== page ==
Music and art are vibrant expressions of the unique and diverse cultures of the Solomon Islands. The late development of the islands is thought to have protected traditional art forms from significant corruption. Both music and art play an important role in island life.
Traditional music in the Solomons includes both group and solo vocals, slit drum and panpipe ensembles.
The conch shell is an instrument used widely across the Pacific, including the Solomons. It is used as a traditional form of trumpet, summoning people to gather and signalling the start of important events. The blowing hole is created by removing the apex of the shell or making a hole in the side.
Bamboo grows in abundance all over the Solomons and provides the perfect natural material for making a number of musical instruments including pan pipes, an instrument the islands are well known for.
Panpipes are made in two different forms, a raft or a bundle in which the pipes are bound together in a circular cluster. The use of pan pipes in the Pacific is primarily informal and for personal entertainment however in the Solomons and particularly on Malaita, pan pipe music is public and highly developed. Here, collections of pipes of various sizes, some up to 3 feet, are among the most important instruments and groups perform complex compositions.
Bamboo stamping tubes, sounded by banging on stones, are also often used with a similar effect to the xylophone.
When a French electronica band called Deep Forest heard a recording of a lullaby from the Solomon Islands (the Rorogwela melody sung by Afunakwa from northern Malaita) they used a sample from it, turning it into a worldwide hit and selling millions of copies.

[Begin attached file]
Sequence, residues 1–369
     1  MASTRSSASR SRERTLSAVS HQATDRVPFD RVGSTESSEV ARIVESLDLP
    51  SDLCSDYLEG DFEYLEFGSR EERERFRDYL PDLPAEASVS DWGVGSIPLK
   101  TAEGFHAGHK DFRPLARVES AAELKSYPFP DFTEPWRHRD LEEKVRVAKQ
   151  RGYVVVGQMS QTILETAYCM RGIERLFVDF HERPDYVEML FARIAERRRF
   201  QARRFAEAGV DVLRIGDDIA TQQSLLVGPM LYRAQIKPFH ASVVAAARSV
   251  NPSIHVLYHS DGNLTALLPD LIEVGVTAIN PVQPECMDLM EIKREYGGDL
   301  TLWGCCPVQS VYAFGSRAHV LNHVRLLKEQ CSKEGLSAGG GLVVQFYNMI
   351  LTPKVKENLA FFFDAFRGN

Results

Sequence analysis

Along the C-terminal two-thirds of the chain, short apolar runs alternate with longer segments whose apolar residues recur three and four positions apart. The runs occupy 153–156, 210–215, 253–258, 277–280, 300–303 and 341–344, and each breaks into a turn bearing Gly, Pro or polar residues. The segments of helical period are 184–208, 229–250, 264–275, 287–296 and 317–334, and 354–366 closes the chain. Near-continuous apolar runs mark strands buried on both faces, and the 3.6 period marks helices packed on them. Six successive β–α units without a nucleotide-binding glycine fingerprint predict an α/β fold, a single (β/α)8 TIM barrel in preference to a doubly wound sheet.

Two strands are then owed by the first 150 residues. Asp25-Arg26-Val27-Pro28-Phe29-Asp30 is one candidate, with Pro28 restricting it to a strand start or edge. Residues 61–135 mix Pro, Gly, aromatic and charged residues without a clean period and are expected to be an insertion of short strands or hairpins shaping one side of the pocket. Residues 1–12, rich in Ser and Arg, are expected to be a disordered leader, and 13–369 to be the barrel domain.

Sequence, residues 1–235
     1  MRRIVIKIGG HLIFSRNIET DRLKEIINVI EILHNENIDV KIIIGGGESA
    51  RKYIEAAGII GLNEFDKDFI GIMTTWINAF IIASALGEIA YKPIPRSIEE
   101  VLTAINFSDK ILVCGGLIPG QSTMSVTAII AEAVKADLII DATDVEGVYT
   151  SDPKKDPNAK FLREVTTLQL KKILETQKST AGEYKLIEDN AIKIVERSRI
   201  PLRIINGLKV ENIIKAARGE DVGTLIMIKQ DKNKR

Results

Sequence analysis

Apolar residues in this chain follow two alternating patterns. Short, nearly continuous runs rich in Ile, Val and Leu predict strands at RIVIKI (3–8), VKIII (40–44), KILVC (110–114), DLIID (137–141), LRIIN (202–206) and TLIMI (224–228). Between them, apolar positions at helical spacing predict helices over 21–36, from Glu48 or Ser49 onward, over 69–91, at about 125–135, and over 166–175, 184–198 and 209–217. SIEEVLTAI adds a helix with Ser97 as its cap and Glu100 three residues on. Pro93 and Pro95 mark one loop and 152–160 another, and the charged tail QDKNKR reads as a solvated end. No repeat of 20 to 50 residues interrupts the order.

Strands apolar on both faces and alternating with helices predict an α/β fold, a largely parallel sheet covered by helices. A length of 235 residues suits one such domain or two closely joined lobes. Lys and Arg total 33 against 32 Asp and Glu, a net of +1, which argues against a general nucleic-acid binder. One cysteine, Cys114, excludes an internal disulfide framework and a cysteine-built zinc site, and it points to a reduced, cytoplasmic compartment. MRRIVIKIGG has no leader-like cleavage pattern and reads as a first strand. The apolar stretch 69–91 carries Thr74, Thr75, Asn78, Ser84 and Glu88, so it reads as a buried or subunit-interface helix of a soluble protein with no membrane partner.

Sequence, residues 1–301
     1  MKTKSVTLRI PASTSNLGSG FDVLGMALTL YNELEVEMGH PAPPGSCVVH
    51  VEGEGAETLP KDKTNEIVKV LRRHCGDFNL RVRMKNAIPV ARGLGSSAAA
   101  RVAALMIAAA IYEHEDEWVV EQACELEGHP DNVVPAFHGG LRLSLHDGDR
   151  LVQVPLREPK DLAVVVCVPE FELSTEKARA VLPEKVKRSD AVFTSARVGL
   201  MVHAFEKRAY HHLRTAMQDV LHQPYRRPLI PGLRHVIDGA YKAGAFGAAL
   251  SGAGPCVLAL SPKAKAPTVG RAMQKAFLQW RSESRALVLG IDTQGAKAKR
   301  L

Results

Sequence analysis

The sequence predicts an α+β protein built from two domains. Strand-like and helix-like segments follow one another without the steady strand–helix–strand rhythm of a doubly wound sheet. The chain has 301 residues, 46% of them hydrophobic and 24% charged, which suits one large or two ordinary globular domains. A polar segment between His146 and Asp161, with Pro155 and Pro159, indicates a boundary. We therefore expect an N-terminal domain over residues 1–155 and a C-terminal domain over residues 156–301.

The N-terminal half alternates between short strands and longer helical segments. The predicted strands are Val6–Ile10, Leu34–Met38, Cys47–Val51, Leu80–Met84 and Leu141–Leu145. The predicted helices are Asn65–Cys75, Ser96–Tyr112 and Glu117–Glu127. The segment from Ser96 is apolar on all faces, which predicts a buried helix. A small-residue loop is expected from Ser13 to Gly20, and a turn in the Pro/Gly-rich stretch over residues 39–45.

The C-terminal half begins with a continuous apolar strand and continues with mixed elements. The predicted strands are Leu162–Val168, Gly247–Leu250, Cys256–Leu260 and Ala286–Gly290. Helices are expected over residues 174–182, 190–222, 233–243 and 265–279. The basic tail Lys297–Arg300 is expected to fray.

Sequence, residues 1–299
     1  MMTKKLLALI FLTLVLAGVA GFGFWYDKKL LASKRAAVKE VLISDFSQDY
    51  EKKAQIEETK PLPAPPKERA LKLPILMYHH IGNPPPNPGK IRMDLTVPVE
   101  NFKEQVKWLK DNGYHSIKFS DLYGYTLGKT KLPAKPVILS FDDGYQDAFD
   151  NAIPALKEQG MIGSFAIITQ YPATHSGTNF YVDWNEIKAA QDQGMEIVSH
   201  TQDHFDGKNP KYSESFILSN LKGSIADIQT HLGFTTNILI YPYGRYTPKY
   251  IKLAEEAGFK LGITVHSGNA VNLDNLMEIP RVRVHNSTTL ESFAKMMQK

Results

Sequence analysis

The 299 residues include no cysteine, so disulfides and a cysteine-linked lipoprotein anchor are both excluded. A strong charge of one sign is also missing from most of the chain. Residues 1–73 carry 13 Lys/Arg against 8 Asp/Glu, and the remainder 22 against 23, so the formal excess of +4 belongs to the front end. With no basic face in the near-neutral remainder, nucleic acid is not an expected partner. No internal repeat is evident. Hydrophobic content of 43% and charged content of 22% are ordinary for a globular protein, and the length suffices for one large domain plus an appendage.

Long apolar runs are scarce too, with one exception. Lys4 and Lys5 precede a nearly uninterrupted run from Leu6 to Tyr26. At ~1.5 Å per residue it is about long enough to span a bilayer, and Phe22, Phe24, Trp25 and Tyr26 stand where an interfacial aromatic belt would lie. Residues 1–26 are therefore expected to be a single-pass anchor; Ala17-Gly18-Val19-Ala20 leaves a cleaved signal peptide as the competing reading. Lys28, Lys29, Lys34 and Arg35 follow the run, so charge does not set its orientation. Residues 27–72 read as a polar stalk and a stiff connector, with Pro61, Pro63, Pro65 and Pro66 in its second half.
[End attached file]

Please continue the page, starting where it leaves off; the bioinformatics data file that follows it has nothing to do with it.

The event caused some controversy at the time over the perception of pillaging of world music by western musicians.
There is considerable variety in the art and crafts found throughout the Solomon Islands though they are commonly characterised by intricate designs and shell inlays.
Objects are traditionally made using the natural materials to hand including wood, shell, bark, vine, bone and stone and examples include highly finished, inlaid wood carving, finely woven baskets and mats, jewellery and coloured pandanus shoulder bags from the Polynesian islands.
Woven wicker war shields are among the most spectacular art forms. Small and elliptical in shape, the shields are decorated with tiny squares of nautilus shell and signified status or prestige.
Also associated with high status, pendants and round chest ornaments or kap-kaps were traditionally made from precious materials such as turtle shell and giant clam shell. Shell money, threaded shell beads, was also designed to be worn and reflected status.
Canoe prow ornaments or nguzunguzu were a standard feature on war canoes, representing mythological spirits who would ward off danger. The anthropomorphic figures were painted black and had shell inlay designs based on face painting designs used by warriors.
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